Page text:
Maintaining a core teaching staff at a hybrid school requires a unique political economy. While in practice, hybrid schools have low tuitions because they only hire teacher for 3-days of instruction and rent space for three-days at a time, teachers are still putting in many hours of prep work, prep work which seems to scale nonlinearly according to how many classes are taught.
For example: 1 class might require 5 hours per week from a teacher. 2 classes – 12 hours. 3 classes – 14 hours. 4 classes – 20 hours. Of course, these figures largely depend on the individual teacher but based upon my small dataset, all teachers experience weird nonlinear effects in time-expenditure by class – each in their own way.
For myself, this manifests most when I turn my attention to lesson planning. In that mode, there is basically always more time I could spend on honing my lessons, not just in terms of content, but in terms of delivery, and fostering an ever better learning environment to maximally affect students’ minds, hearts, and educational culture.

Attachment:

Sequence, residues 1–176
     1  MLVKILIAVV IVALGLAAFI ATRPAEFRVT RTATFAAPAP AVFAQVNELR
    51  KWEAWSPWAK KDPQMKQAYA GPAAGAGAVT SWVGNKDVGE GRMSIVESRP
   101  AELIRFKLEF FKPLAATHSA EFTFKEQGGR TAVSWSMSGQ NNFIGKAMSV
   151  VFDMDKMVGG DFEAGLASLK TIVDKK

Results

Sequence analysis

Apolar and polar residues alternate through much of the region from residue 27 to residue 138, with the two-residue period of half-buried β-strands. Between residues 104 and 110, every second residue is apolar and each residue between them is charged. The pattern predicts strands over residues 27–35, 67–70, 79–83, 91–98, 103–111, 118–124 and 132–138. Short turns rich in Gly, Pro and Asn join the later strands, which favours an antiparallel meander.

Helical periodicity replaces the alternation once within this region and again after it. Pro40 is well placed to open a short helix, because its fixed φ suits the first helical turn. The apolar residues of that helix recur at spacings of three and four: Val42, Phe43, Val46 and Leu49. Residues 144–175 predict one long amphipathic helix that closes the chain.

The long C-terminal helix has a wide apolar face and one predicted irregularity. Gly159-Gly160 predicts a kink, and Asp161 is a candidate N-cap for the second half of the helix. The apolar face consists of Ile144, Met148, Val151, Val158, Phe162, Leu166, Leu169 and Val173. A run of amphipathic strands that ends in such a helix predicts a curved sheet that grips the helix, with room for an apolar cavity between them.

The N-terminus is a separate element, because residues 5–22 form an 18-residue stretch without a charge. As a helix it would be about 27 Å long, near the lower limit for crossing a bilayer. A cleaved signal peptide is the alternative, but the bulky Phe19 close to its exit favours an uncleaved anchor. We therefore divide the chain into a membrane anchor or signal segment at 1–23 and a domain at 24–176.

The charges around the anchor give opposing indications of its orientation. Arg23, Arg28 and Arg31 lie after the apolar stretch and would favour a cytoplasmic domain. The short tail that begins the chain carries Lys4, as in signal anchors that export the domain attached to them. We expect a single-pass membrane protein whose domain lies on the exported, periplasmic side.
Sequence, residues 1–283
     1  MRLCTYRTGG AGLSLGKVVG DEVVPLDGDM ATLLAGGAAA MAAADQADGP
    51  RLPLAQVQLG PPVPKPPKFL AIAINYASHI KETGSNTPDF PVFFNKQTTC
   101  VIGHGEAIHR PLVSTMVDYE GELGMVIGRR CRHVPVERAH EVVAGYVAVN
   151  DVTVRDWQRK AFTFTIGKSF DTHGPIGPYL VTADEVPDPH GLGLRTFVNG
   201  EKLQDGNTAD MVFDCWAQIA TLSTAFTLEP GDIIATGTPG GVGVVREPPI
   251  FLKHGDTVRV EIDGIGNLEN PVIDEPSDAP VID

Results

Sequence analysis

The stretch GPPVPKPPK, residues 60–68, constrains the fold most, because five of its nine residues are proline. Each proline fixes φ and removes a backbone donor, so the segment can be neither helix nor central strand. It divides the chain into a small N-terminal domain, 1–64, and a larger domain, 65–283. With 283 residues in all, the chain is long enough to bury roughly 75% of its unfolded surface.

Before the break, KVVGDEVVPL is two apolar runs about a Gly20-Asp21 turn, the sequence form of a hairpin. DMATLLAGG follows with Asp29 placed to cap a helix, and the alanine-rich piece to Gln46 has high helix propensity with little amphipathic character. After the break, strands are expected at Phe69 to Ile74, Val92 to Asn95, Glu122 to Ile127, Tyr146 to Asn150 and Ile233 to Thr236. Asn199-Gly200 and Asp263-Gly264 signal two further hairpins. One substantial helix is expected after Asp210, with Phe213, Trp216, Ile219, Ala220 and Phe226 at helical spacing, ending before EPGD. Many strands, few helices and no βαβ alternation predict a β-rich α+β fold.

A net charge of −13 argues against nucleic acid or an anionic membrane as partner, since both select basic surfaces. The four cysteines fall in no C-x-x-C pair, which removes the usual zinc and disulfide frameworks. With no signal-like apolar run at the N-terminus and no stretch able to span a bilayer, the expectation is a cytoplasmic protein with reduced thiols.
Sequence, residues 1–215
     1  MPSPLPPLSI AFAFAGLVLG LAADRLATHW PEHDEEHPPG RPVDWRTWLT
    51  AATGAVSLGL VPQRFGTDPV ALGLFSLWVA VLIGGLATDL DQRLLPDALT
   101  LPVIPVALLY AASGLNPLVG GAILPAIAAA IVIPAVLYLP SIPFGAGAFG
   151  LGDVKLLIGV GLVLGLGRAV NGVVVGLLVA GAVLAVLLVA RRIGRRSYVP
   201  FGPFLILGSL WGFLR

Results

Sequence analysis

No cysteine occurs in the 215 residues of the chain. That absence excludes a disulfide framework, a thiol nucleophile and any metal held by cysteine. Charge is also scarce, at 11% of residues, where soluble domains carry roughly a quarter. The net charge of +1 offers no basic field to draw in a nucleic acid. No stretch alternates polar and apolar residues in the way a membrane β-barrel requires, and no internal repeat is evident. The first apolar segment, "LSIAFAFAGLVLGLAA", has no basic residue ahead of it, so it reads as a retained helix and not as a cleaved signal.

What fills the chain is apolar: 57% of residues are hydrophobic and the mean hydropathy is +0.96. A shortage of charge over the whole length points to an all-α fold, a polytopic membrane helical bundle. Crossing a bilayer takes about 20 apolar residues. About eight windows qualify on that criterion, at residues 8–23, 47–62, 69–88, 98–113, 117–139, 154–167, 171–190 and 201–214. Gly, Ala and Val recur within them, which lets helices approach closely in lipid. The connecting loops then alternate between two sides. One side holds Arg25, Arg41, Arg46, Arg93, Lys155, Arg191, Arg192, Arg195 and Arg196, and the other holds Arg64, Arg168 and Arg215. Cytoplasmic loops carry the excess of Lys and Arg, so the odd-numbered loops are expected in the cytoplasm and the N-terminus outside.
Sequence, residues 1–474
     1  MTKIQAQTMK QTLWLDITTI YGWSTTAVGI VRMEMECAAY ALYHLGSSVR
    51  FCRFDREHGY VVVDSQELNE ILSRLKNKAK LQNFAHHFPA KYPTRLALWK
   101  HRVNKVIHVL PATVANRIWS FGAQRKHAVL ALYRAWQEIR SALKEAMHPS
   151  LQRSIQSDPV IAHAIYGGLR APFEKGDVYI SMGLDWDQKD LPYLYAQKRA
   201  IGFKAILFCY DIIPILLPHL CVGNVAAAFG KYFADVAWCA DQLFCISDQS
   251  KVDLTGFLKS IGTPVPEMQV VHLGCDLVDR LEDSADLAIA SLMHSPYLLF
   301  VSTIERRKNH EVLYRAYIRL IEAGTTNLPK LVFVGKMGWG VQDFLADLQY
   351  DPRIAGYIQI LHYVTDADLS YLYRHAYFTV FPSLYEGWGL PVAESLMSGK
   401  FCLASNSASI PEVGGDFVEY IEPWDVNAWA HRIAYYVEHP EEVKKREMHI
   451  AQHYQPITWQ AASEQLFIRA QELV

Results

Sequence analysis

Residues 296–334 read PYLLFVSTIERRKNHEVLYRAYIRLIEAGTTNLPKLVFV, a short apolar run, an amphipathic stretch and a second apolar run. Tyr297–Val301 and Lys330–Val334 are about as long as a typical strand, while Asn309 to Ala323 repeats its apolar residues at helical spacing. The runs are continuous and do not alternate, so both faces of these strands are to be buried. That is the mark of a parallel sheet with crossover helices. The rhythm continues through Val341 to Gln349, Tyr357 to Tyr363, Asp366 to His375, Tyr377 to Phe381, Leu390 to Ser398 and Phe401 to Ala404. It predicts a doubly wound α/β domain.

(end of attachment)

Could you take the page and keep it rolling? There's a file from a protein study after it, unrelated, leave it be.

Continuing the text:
Being paid by instructional hours doesn’t take into account these effects, and it keeps the administration in the dark about how much time teachers are spending. When the administration doesn’t know what is happening with the teachers’ time, teachers will feel undervalued. Value-added payment structures at hybrid schools should be developed and tested. We might get useful results.